Louis and is artistic director of Mustard Seed Theatre, a professional company in
residence at Fontbonne dedicated to producing plays about faith and social justice.
Jent is also an educator on autism and its impact on families. Her play Falling — based on her experiences as the mother of a child with autism — has been performed
around the world and was nominated for a Drama Desk Award as one of the Best New Plays
Calling on her vocation as a director and playwright, Jent spoke about the power of
story and its association with truth. “The truth is that you are graduating. The story
today is about your transformation — how a college education has changed you and will
carry you through the next chapter of the novel you could call ‘your life.’
“You’ve learned that much in the world is not black and white; there are shades of
grays and colors throughout,” she added. “Truth and story intermingle.”
To illustrate the point, Jent recalled working as an administrative assistant both
during and after she earned her Ph.D. in theatre from Northwestern University. “One
weekend, my grandpa asked me how work was going. ‘Fine,’ I told him. ‘But I sure didn’t
need a doctorate degree to be filing and typing. So much for all those years of school!’
“‘Hey,’ he said, with volume and passion I’d rarely seen in him. ‘Education is never
wasted. You don’t have any idea when or where you’ll use what you’ve learned.’”
“What story had I been telling myself?” Jent asked. “It was a kind of Cinderella story,
where I was banished to the office of secretary instead of reigning as the Queen of
Academia, as I should have been. My grandpa’s words helped me shape a different story,
in which the job I was doing and the people that I worked with were not detours from
my real life, but authentic parts of who I was becoming.”
“We think we’re in charge of writing our story,” Jent added later. She advised graduates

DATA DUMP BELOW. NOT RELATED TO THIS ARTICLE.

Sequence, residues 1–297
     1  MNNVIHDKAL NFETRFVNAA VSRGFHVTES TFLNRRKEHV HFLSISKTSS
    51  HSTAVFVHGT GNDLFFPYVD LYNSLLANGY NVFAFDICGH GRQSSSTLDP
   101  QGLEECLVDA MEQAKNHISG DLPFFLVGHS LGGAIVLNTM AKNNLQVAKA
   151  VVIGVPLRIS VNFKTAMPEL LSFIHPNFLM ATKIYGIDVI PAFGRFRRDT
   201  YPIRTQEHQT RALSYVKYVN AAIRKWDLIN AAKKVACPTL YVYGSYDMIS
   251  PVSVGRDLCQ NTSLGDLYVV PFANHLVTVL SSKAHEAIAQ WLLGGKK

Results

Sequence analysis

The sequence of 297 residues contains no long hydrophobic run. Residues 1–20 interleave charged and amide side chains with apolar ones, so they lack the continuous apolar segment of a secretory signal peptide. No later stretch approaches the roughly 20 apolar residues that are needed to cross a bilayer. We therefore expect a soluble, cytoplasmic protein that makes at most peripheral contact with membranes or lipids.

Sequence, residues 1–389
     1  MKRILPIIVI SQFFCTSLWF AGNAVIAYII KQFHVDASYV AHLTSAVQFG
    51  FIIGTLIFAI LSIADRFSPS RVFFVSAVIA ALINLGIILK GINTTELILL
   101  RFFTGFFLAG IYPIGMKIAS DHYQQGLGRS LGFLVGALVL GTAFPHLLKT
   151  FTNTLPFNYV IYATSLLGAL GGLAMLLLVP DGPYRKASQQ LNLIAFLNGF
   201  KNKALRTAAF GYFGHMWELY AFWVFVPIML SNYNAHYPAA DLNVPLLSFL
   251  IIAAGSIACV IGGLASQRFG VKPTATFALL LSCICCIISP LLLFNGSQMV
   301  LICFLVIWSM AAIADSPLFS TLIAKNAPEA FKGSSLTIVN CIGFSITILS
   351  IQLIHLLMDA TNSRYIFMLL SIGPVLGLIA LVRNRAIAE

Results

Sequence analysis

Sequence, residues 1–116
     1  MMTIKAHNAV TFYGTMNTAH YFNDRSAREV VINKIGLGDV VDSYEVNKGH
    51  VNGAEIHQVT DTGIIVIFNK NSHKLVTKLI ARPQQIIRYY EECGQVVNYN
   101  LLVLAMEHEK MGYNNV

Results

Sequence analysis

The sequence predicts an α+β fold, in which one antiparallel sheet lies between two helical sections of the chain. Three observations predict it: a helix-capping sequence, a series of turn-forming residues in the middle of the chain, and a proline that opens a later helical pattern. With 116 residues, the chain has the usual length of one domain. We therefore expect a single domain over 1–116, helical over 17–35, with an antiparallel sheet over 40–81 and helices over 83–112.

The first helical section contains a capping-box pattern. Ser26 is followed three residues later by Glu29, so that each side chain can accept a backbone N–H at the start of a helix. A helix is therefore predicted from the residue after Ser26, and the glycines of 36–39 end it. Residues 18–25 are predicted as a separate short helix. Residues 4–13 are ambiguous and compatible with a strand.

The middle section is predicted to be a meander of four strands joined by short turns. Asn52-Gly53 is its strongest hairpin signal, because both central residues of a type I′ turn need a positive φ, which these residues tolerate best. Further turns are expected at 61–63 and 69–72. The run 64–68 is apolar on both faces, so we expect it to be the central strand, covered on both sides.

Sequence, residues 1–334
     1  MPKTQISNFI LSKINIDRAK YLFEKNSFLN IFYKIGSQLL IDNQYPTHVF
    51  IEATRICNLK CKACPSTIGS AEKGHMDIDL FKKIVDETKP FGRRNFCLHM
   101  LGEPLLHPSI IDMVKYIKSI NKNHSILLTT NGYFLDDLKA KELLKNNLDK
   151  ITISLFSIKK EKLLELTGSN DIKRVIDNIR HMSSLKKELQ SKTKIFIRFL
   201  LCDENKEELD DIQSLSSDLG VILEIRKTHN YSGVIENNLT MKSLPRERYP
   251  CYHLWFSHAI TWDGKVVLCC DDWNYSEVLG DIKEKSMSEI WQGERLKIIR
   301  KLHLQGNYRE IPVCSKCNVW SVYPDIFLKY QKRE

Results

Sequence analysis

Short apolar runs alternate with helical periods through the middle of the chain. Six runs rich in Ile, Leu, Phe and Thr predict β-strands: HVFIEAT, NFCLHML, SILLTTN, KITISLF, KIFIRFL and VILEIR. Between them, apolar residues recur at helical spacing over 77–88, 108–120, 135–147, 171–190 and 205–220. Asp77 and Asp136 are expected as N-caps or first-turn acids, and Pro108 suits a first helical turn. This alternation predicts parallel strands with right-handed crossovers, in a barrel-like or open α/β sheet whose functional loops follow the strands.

to “continually ask, ‘What story am I telling myself?’ and examine how that story
is making you feel and act. … Boldly write your own story, but when another story
starts to write you, surrender to that new narrative.”
Part of that process, she said, was something “that has taken me a long time to learn:
Tell the truth. Not to everybody, all the time, but find someone or some place where
you can tell the truth. The messy truth, the way your life really is truth, the-stuff-I’m-ashamed-of
“For me, telling the truth meant writing a play which explored the dynamics of caring
for a child severely affected by autism. The story I wanted for my family, the one
where all three of my children had friends, found meaningful relationships and vocations
and lived independently — that story was rewritten, for all of us. We had to find
new ways to define ‘normal’ and ‘success’ — and ultimately I had to surrender to the
narrative that was claiming me.”
Jent introduced an anagram, “brutiful,” coined by author Glennon Doyle Melton, to
describe how life can be both beautiful and brutal at the same time.
“Our lives, our stories, can be brutiful. The challenge is to live and love in those
“Never be ashamed,” she said, “to tell your brutiful truth.”
After James Schiffer Jr. ’14 led singing of Alma Wesleyan at the ceremony’s conclusion, his class celebrated one purely beautiful truth: They
were now officially college graduates.
To read more about IWU's Commencement exercises, click here.